9. What are the loadouts on each and what all stuff do you have already? To be honest, the 475 is a perfectly serviceable machine. It's the same speed as a Quadra 700 and it can take less VRAM than a 700/900/950, but it'll still output to an 1152x870 display and you can clock them up to 33MHz, and you can add "full" 040s to get the FPU, which isn't beneficial for much, but it might be beneficial for a software dev workflow. You'll also need to account for an LC-PDS Ethernet card in a 475, which the 700/900/950 have onboard, but those machines also need an AAUI transciever. Other than that, the advantages of a 900 are that it's got a lot of slots, a higher memory ceiling, and a 5.25 bay, which might have a CD-ROM drive in it. A 475 will be able to use an external scsi cdrom drive, however. It's pretty hard to go wrong in this era, but what specifically you want can guide what you might look for. Other good machines are the 630-640 series, which has a CD-ROM drive but can only do 832x624 video. The 650/800 are sort of the successor to the 700, they both support CD-ROM but not all of them have it, they've mostly got onboard Ethernet (there are some 650s without, though) and they have varying CPU configurations, mostly with full 040s. The 840 is also good, slightly faster stock CPU than the others, but it lacks the 950's RAM ceiling and the 800's memory interleaving, so if you want a top end machine, picking the one whose particular go-fast stripes match what you want to do. Overall, of that group, my recommendation probably falls to the 475, provided you either don't need or can budget for adding things you want to it. (ethernet, CD-ROM in particular) If you don't clock it or accelerate it you'll wait longer for, like, builds, or other "compute job" types of things, but day-to-day I don't know that i think you'll notice the difference between 25 and 33MHz, especially in system 7 and especially if you aren't multi-tasking or running background work like a chat or IM client. (For example, I had an 840av in 2002 or so I was using as my daily internet system, with 64-72ish megs of RAM. I probably benefited over a 25-33MHz system because I was running AIM and Outlook Express in the background most of the time.)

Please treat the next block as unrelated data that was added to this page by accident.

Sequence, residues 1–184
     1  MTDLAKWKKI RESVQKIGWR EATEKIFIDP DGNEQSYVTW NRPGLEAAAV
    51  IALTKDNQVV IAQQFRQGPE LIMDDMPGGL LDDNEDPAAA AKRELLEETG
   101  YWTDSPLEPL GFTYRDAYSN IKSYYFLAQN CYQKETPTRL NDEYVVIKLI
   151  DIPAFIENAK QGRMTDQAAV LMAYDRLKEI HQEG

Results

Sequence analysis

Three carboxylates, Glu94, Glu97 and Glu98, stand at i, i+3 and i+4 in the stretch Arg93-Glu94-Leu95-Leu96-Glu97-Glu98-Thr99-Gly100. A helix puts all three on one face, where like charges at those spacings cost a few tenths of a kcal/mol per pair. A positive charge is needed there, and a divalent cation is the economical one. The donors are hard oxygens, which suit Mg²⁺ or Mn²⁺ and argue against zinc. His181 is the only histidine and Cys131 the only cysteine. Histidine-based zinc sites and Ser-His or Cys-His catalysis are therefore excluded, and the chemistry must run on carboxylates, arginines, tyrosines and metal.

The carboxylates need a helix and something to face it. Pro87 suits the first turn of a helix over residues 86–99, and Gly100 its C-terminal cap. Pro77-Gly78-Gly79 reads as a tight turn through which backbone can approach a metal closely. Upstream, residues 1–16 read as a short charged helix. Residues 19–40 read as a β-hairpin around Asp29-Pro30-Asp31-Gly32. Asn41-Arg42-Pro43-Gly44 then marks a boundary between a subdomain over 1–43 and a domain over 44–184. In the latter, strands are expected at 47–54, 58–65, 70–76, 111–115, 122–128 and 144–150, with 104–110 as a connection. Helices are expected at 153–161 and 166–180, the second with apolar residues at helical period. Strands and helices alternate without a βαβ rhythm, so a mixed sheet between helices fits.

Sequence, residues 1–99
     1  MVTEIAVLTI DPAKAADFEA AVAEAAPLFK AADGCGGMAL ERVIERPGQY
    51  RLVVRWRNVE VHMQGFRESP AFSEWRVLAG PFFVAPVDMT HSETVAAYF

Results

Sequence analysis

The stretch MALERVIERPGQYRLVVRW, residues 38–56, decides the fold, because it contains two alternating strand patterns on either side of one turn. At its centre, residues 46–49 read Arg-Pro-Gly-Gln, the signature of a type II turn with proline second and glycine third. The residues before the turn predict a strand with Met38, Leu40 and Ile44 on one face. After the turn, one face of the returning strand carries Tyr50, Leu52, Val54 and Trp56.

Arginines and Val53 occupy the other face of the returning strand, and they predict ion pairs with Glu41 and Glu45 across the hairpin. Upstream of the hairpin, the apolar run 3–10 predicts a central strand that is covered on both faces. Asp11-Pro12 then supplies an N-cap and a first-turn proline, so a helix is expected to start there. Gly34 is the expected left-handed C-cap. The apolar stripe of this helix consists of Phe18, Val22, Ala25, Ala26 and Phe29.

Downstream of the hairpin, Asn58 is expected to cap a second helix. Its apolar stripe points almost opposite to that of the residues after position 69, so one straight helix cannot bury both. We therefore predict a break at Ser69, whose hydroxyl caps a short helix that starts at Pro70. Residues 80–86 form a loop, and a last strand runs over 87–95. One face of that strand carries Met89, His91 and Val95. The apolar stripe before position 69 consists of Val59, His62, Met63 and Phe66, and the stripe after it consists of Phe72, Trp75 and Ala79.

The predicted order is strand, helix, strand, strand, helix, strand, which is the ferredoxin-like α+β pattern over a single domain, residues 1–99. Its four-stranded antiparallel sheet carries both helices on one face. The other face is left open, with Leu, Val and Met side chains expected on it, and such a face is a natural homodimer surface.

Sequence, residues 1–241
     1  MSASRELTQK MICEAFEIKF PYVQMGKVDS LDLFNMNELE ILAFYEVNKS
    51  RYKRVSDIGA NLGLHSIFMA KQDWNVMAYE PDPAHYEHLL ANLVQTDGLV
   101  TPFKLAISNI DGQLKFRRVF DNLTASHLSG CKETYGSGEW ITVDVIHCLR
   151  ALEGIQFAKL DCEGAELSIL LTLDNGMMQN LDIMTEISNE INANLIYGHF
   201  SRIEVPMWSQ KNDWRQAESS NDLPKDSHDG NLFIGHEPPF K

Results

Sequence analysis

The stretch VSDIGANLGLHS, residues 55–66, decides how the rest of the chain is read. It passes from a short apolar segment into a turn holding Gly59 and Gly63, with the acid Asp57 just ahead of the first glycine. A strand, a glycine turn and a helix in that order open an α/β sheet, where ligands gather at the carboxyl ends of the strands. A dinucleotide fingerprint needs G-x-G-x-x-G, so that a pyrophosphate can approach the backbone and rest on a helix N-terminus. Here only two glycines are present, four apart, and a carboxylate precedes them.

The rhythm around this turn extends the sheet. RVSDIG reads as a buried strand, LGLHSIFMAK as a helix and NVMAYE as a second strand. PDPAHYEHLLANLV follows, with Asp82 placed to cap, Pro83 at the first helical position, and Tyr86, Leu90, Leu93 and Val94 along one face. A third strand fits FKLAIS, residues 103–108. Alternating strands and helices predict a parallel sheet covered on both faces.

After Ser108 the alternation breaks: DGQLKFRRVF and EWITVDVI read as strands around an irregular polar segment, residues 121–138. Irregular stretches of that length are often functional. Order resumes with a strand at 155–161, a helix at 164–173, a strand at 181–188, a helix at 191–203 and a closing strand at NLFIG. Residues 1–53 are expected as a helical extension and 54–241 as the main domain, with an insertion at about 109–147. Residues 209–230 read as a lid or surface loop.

10. A 950 will have shipped with 7.0.1, so if you want that version, get, or find the diskettes for it online. If you want early 7 but don't want to bother finding the 950's diskettes specifically, a 7.1 or 7.1 pro set should work fine. If you want a newer OS version anyway, then other media will work. If you have an opportunity to get the original install media, I personally recommend taking it just because that kind of thing is nice to have.